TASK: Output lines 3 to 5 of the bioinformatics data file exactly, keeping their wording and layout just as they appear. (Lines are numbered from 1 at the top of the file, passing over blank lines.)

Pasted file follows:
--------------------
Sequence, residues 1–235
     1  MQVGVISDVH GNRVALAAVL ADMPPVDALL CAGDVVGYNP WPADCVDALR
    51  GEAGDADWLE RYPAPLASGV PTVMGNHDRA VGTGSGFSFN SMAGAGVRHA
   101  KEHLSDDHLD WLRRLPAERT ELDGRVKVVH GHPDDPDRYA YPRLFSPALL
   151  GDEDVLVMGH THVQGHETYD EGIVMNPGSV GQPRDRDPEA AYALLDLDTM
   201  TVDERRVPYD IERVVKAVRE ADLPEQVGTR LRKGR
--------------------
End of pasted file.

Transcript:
    51  GEAGDADWLE RYPAPLASGV PTVMGNHDRA VGTGSGFSFN SMAGAGVRHA
   101  KEHLSDDHLD WLRRLPAERT ELDGRVKVVH GHPDDPDRYA YPRLFSPALL
   151  GDEDVLVMGH THVQGHETYD EGIVMNPGSV GQPRDRDPEA AYALLDLDTM